A Response to Donald Lowe’s, “A Brief Critique of ARBCA’s Position Paper: Concerning the Doctrine of Divine Impassibility”

Further discussion on the doctrine of divine impassibility as presented in the position paper of The Association of Reformed Baptist Churches of America

The economic statements of Scripture certainly help us as Christians to fill out our understanding of the ontological statements about God, but the ontological statements that God makes about himself must of necessity have interpretive priority or else the economic statements are meaningless. It is because human reason valued the economic statements above the ontological statements that the Socinian errors arose in the 16th and 17th centuries.

 

This is a response and critique of an article by Rev. Donald Lowe carried on The Aquila Report on January 24, 2019, “A Brief Critique of ARBCA’s Position Paper: Concerning the Doctrine of Divine Impassibility.”  It is my contention that the article’s thesis falls well outside the bounds of historic orthodox teaching with regard to the doctrine of divine impassibility. It also makes some statements on the matter of the two natures of Christ and other doctrines within Theology Proper that I believe are outside the bounds of confessional Reformed orthodoxy.

Mr. Lowe states that:

The purpose of this critique is not to affirm or deny either the classical view or the modified view. Rather, the purpose is to critique the arguments in the position paper used to defend the classical view. It is intended to edify and sharpen those on both sides of the issue such that they can better understand and articulate a biblical view of the doctrine of divine impassibility.

I appreciate Mr. Lowe’s desire to edify and sharpen those on both sides of the issue. His desire notwithstanding, the actual outcome of his particular line of reasoning is anything but neutral. If one accepts the assertions made by Mr. Lowe in his critique, it would be impossible for one to hold the Reformed confessional view of divine impassibility.

The approach taken by Mr. Lowe is to critique some of the affirmations made in The Association of Reformed Baptist Churches of America (ARBCA) position paper. At the end of his critique, he states his conclusions. In my response, I will interact with his critique primarily through his conclusions. In doing so, I hope to keep from becoming bogged down in the minutiae of each argument within the critique.

A Tertium Quid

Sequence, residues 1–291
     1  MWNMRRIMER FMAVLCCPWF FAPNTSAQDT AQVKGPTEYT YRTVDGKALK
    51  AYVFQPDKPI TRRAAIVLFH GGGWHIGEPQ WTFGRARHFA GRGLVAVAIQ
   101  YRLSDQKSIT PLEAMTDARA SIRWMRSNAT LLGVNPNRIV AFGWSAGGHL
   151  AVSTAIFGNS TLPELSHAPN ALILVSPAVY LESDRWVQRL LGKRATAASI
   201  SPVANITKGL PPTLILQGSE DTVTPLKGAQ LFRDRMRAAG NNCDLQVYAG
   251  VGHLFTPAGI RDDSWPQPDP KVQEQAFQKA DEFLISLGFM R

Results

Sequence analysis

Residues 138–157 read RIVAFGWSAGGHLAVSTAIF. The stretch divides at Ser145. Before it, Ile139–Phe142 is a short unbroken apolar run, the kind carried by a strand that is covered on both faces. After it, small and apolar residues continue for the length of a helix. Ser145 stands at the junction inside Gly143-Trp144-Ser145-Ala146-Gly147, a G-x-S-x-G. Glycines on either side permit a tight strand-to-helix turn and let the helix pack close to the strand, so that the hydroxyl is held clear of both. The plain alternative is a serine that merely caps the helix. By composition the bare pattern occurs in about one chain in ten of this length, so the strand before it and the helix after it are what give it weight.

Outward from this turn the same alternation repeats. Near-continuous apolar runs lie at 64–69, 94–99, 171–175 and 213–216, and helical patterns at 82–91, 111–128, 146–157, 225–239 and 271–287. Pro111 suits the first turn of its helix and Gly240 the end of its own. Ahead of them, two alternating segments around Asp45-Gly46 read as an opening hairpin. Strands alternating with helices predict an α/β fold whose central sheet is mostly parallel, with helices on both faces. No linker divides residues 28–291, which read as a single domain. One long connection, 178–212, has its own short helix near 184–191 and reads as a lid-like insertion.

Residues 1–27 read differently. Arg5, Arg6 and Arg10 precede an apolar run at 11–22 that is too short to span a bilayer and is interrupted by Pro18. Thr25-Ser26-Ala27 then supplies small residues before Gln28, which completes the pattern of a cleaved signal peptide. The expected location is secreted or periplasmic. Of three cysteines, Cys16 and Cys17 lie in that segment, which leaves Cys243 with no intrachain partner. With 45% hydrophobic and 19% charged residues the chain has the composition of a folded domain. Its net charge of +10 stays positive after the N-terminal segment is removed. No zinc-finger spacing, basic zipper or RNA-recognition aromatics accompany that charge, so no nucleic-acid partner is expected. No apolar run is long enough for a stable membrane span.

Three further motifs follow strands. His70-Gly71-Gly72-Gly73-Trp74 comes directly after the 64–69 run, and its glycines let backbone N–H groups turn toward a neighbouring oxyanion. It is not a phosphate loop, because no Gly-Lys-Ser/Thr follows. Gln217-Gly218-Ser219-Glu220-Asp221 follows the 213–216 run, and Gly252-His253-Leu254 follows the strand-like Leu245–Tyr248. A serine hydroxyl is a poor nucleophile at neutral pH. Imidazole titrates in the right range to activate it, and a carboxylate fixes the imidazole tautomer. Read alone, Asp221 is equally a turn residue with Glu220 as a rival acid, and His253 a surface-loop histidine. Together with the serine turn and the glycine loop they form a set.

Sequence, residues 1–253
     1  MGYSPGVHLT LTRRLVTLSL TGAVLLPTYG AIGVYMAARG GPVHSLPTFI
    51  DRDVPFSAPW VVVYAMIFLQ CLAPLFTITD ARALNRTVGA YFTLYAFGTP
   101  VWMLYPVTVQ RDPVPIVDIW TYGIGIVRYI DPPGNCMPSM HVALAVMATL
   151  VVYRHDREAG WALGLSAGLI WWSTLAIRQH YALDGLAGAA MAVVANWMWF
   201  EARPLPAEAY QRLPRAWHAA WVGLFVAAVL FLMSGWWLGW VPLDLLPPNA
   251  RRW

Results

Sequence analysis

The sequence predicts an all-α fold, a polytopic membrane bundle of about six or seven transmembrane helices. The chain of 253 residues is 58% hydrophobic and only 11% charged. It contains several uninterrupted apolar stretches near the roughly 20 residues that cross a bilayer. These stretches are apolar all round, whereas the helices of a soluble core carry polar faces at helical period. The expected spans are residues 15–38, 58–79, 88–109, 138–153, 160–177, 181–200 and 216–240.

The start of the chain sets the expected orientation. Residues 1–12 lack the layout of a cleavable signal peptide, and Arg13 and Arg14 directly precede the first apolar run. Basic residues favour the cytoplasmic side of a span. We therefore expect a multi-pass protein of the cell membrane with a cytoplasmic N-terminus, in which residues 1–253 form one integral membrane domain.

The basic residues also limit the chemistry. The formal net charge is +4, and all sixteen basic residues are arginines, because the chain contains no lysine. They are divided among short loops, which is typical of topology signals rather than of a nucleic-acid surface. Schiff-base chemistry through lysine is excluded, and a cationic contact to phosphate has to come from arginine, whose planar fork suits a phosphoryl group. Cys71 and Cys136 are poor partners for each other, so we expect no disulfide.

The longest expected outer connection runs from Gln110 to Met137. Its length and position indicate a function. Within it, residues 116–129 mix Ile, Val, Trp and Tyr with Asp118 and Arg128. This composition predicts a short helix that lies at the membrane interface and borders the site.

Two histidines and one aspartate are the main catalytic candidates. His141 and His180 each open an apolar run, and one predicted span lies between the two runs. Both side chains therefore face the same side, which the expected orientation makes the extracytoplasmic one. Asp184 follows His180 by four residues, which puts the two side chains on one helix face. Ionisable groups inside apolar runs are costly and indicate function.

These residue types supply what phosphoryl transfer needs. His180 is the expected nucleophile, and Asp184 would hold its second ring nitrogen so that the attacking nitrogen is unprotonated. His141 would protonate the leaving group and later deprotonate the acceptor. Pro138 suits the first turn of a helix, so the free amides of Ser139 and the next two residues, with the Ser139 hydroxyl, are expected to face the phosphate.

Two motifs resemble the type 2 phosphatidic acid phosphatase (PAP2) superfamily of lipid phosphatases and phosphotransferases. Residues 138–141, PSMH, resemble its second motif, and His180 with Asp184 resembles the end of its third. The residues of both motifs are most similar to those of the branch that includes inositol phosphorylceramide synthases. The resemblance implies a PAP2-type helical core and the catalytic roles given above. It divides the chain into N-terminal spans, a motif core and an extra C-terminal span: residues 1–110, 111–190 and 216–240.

In his first conclusion, Mr. Lowe asserts that,

The position paper argues in affirmation #17 that an emotional change in God would necessarily be for better or worse, and thus compromise God’s perfection. However, in considering emotional change in God, it excludes the possibility of emotional change that would be neither for the better or the worse. Thus, affirmation #17 does not logically prove that God cannot have an emotional change.

In this conclusion drawn by Mr. Lowe, he is referring back to a tertium quid, a third way that he posited in his critique. He writes,

The position paper says that if God experienced emotional changes, it would have to be for 1) the better, or 2) the worse, which are both unacceptable options. But to prove that God does not experience emotional changes, the argument depends on these being the only two possible options.

In logic, there is a fallacy called the “false dilemma.” In this fallacy, only a few options are presented when actually the number of possibilities is greater than that. What is missing in this scenario is the possibility that God experienced emotional changes that were for 3) neither better nor worse. If 3) is a viable option, then the position paper is presenting a false dilemma.

That is the question, is it not? Is this third way, i.e., that God experiences emotional changes that are for neither better nor worse, a viable option? In James 1:17 we read that in God there is “no variation or shadow due to change. (ESV) James says nothing about better or worse. He simply asserts that in God there is no change. There is no tertium quid when it comes to divine immutability. God is either mutable or immutable. Even if the third option was viable, there would still be change in God. If God is immutable, then God does not change. In his Dictionary of Latin and Greek Theological Terms, Richard Muller writes, under the entry immutabilitas, “God is free from all mutation of being, attributes, place, or will, and from all physical and ethical change.”[1]